Ed Brisson penned comic ever since I picked up his three issues of Murder Book at last year's Emerald City Comic Con. Those three issues showed me a writer with a knack for telling compelling stories and I've been eagerly awaiting Comeback.
In Comeback, time travel has been developed, but is illegal. However, the technology is used very discreetly by the ultra-rich who enlist the help of a secret company, Reconnect, to go back in time and save a loved on from death. For a hefty fee Reconnect will collect the loved one, stage their death, and bring them to safety.
Mark and Seth are two of the agents who do the collecting and time traveling. However, on the mission that plays out in the opening pages, something goes terribly wrong, and the person they are meant to be saving dies during the time travel. If that's not bad enough, Seth is starting to look a bit worn down by their job, which isn't good considering that in the wake of their most recent mission, they've been given another tough job.
The art, which is handled by Michael Walsh, is definitely easy on the eyes. His art reminded me a lot of Tonci Zonjic from Who is Jake Ellis? fame and Where is Jake Ellis? (which I'll cover here shortly). Anyway, Walsh's art is another strong aspect of this title.
This one gets positive marks for being a story about time travel, with a healthy dose of crime mixed in...a combo that I couldn't resist. This opening issue is definitely a stage setter, but I like how things are looking. I just hope that this doesn't wind up being one of those "Just one more job, then I'm out" kind of stories. For now, I'm feeling it.
Who is Jake Ellis?) which proceeded Where is Jake Ellis? was one of my top reads from last year. High octane espionage action anyone? However, since then, I've admittedly become a little bit lukewarm on writer Nathan Edmondson. The stuff he's written since then hasn't impressed me nearly as much. In fact, I almost didn't pick this issue up.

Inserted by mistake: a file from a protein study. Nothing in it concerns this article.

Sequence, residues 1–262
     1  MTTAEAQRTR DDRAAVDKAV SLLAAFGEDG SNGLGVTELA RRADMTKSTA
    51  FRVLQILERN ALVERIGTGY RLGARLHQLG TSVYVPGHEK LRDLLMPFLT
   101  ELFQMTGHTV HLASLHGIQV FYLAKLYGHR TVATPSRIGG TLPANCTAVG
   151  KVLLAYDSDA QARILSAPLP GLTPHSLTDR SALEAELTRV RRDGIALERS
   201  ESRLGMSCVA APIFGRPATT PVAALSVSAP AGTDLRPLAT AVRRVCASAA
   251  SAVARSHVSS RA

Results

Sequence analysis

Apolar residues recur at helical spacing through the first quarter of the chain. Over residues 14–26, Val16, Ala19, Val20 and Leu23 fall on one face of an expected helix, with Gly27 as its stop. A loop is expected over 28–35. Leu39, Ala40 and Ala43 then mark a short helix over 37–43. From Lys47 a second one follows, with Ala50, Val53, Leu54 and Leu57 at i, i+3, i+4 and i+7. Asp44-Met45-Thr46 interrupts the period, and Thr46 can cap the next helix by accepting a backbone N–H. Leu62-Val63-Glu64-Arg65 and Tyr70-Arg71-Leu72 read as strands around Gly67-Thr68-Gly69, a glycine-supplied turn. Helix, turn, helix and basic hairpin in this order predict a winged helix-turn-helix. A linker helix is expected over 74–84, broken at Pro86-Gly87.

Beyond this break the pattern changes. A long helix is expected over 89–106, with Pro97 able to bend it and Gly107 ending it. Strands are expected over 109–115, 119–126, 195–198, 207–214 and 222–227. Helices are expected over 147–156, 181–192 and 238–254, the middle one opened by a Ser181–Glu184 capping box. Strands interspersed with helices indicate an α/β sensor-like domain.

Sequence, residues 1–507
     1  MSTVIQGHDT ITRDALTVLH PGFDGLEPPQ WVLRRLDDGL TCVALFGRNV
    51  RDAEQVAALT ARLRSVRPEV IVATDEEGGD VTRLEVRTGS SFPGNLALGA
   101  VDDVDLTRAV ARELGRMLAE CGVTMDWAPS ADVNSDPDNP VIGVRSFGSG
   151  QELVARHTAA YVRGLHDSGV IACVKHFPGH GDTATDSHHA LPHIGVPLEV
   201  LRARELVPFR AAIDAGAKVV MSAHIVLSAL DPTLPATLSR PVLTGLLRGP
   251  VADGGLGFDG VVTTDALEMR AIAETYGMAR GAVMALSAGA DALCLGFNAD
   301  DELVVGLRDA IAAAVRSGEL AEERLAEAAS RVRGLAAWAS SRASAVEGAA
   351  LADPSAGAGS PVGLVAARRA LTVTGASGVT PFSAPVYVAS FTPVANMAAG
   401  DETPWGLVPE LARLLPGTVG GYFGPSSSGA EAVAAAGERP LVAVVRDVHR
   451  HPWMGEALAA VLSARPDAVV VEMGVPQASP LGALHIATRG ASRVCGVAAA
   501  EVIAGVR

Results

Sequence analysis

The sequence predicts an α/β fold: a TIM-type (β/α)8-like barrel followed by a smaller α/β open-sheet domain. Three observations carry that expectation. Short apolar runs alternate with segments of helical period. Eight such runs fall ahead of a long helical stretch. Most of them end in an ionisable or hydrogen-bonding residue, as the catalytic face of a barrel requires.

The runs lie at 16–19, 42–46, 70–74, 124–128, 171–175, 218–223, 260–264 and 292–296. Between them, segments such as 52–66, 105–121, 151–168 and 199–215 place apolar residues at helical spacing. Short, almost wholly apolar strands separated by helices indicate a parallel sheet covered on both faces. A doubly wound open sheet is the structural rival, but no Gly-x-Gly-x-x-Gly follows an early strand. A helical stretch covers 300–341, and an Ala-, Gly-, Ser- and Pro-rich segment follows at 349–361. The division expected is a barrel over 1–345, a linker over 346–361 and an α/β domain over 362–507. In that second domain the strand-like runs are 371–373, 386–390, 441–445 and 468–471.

I did though, and I'm glad because it appears that Edmondson is in his groove when it comes to writing stuff with "Jake Ellis" in the title. If you haven't read the previous Jake Ellis material, I urge you to do so, not only because it is awesome, but because nothing in this new story arc will make any sense if you don't.
That being said, it will still be a shit ton of fun because Edmondson has distilled his comic down to pure, unrelenting action. His agent, Jon Moore, is on the run from mysterious spooks who want him dead. It's that simple. Moore uses his considerable spy/survival skills to narrowly avoid death in awesome and exciting ways. The kicker is, in the past he's had a voice inside his head (Jake Ellis) who has helped him survive, and now that voice has mysteriously gone silent, and Moore's head is on the chopping block.
Tonci Zonjic's art is stylish and cool, and very inviting. He captures action and emotion with equal skill. He and Edmondson are a great pair for this title, and I'm definitely excited to see what they have in store for us.
(I actually have zero proof that the above statement is true, given that this is the only superhero title I read...but it is really fucking awesome so there!)
So why is Batwoman so awesome? It's awesome for a lot reasons: Kate Kane is a really cool character, Batwoman battles stuff straight outta myth and urban legend, and there's a whole bunch of stressful and distracting stuff in her life such as relationships, family, and job stress, that make Kate seem like a real person. And now this comic is even more awesome because Wonder Woman has been added into the mix. Okay, sure, Wondy's been on the scene for at least two issues now, but I'm loving the Wonder Woman/Batwoman team up.
On top of a fun team up, and a cool story that has spanned the entire length of the series so far, this comic has J.H. Williams III on art knocking that shit out of the park with each issue he works on. I love looking at Williams' art. He has the most creative panel layouts, and he always experiments with interesting ways for the art and story to interact. I was really taken with how he chose to show how Pegasus received his grievous injuries in this issue.
After dropping all the other DCnU titles I was reading, Batwoman continues to go strong, despite putting a lot of Kate Kane's personal issues on the back-burner for the moment. I will say, I like this title a lot more when JHW III is doing the art, but Batwoman is good stuff.